Wednesday, 19 December 2012
The biggest disappointments of 2012
All in all, 2012 has been pretty darn great. A significantly above average year. The type of year that the people who make those nostalgic year-you-were-born birthday cards must breathe a sigh of relief over (2003 was a head-scratcher, right guys?). But rather than give you a column that just says YAY THE OLYMPICS next to a hand-drawn doodle of Clare Balding and Psy the Gangnam Style man sitting on a cloud, I’ve decided to go against the grain of the year and be all negative instead. So here you are – the most disappointing moments of 2012. Hurrah!
As someone who aims to spend at least 18 hours a day consuming some form of visual media, the arrival of Netflix brought with it great promise. It was cheap, it was instant and it would herald an end to streaming things in stilted two-minute bursts, pretending that the juddering picture is artistic camerawork rather than my shonky broadband connection. The reality was the online equivalent of the dvd collection you get in rented holiday cottages. The Full Monty; Romy and Michelle’s High School Reunion; a copy of Hornblower that was probably free with the Sunday Express. Enjoy.
It was the hilarious digital Pictionary app that gripped the nation! For three and a half weeks, before it was bought by mobile giant Zynga, everyone stopped playing it and the company promptly lost $5 million in a month.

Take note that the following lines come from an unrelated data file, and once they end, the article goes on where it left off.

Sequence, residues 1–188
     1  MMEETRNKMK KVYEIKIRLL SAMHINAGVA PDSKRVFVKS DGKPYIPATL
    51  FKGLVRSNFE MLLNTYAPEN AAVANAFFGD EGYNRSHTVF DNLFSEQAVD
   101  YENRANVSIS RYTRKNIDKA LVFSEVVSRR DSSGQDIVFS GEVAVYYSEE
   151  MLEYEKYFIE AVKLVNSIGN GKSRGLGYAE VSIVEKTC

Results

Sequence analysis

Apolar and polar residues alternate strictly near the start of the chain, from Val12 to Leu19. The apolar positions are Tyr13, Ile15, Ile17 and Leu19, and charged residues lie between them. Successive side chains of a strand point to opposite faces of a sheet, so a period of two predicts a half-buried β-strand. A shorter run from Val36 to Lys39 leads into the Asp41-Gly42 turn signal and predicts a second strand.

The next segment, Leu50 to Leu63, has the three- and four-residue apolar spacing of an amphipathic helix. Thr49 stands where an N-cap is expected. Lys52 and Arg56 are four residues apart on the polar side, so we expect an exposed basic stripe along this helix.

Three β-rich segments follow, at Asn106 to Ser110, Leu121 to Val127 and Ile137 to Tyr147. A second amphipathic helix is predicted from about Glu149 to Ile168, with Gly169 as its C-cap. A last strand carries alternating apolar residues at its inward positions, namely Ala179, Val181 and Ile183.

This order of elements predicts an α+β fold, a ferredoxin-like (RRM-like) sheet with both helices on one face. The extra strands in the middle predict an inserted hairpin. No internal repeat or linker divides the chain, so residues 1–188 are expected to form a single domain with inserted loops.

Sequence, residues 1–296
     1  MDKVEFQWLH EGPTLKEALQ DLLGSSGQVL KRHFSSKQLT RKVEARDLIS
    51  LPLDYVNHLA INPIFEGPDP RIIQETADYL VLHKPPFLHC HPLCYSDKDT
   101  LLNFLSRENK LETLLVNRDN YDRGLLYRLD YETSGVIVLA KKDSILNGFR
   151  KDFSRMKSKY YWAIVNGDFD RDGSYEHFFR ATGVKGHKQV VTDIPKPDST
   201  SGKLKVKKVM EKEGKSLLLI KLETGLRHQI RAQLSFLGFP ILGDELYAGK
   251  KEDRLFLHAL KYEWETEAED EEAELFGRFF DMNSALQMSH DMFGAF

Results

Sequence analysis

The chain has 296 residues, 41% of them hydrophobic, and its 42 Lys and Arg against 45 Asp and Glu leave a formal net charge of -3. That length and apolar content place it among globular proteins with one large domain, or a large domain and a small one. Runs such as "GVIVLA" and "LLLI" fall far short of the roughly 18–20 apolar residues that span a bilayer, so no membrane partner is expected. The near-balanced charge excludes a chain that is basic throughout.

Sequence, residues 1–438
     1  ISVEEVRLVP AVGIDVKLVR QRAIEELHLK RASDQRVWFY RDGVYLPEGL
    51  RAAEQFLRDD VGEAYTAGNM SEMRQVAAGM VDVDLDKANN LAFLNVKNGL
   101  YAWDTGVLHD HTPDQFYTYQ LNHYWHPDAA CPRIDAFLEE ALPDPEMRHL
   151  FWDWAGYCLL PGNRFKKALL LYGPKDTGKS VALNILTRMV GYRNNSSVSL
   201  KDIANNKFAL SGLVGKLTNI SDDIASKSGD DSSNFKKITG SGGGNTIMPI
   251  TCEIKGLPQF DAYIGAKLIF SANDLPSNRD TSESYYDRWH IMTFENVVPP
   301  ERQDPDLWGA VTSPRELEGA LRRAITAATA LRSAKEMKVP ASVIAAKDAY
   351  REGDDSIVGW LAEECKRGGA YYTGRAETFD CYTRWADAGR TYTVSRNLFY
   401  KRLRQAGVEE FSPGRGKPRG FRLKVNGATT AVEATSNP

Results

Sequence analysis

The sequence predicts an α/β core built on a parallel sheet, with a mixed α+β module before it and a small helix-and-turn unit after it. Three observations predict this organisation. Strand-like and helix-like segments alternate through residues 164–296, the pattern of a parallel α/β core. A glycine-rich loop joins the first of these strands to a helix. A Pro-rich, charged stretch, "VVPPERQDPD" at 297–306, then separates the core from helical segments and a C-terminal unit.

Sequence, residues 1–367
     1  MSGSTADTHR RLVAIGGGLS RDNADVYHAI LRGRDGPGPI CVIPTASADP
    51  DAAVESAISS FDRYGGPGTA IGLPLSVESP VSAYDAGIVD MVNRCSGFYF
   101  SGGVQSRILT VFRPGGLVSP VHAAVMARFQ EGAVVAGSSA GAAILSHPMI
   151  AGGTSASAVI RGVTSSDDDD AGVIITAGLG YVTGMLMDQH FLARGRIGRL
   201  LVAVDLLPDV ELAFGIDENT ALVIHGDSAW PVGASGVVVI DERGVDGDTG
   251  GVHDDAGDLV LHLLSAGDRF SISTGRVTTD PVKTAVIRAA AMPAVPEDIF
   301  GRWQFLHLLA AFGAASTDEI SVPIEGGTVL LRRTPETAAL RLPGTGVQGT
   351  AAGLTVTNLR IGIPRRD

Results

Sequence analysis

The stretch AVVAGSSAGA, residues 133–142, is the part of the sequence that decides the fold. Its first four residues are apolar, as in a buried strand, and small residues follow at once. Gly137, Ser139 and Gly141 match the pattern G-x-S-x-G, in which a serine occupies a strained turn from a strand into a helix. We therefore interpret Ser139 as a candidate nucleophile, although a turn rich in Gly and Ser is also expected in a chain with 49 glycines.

This was a disappointment not so much in the sense of expecting much and receiving little, but in the sense that your parents are “disappointed” in you when you make a clanging error in judgment and bring shame upon the family. They started off as a logical evolution of the slanket, an experiment to see just how much snuggly cosiness an adult human can withstand before it all becomes a bit cloying. Then they grew animal ears and were adopted as ironic partywear by the sort of people who jump up and down behind TV news reporters. Comfort has never been so irritating.
The Olympics Closing Ceremony
Being British, we sat through the first half of the closing ceremony in tense, optimistic silence, willing it to suddenly get lots better, very quickly. Then George Michael decided to use a momentously historic occasion in front of 26 million people to plug his new, unknown single, and we all exploded, turned to each other and went “this is a complete pile of horse turd isn’t it?”
From that moment on, it was all “Emeli Sande” this and “Jessie J’s crotch” that, and we were free to vent our frustration at the closing ceremony being every bit as rubbish as the rest of the Olympics was brilliant.
Being British, we sat through the first half of Viva Forever in tense, optimistic silence, willing it to suddenly get lots better, very quickly. When the curtain went down for the interval, a tumbleweed of dismal silence swept along our row. “Um,” said someone, eventually. “I sort of thought the Spice Girls had more songs.”
“And better songs.”
It turns out we only thought they did, because we were nine at the time.
The Mayan apocalypse
It’s only Thursday, so I’m taking a punt on this one.